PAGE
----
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21/12/2018 — Alternative Energy
Single blade turbine for renewable market

A South Island company has produced a single blade turbine that is set to grow in the wind energy business.

The Press newspaper reported that Dunedin-based Powerhouse Wind claims its small turbine cold make wind energy as accessible as solar energy for people with the right properties.

Bill Currie of Powerhouse Wind is one of a team behind the single blade Thinair turbine.

The Press was told a turbine can run all night, and operate during a summer's breeze.

Currie said the Thinair differs from other single-bladed turbines in that it uses two counterweights, giving it numerous advantages and attracting interest in New Zealand and overseas.

The claimed advantages include noise reduction, reliability, the ability to operate in high winds, and easy to pack and to install.

People could use the turbine to power their houses, ideally on lifestyle blocks, and even be able to feed-back power into the grid.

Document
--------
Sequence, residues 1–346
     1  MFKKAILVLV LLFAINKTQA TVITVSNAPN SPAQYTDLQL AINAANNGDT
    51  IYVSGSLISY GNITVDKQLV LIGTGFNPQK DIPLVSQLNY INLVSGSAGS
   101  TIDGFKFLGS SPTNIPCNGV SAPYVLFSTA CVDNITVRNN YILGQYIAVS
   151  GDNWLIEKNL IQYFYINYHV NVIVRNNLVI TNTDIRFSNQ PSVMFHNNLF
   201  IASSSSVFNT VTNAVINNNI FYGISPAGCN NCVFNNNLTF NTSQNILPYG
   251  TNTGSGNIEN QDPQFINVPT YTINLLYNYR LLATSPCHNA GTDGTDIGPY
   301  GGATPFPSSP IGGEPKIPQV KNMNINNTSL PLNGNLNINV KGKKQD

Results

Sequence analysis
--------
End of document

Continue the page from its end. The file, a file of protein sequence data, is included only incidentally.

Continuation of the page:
The Press said Currie, who had been off the grid for 18 years, had one of the turbines at his lifestyle block.

The company was founded in 2007, and over the past decade had received funding from the Government agency Callaghan Innovation, crowd-funded more than $500,000 via a Pledgeme campaign and had a research partner in the form of Otago Polytechnic.

The tertiary institution also had a Thinair machine installed at its campus, one of 16 sold around the country and overseas, including Australia and the Solomon Islands.

The turbine in the Solomon Islands, funded by Caritas aid agency and the Ministry of Foreign Affairs and Trade, helped create a remote power station in an isolated village.

Currie said that previously this village relied on a diesel generator, running for three hours a day. The village now had 24 hour power.

Early next year Powerhouse Wind plans to build 10 machines, while learning how to make them in a “more continuous way”

Currie said the Thinair has attracted overseas interest, and the export potential was exciting.

Source: press.co.nz

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Bill Currie at work. Photo: The Press.
A Thinair turbine.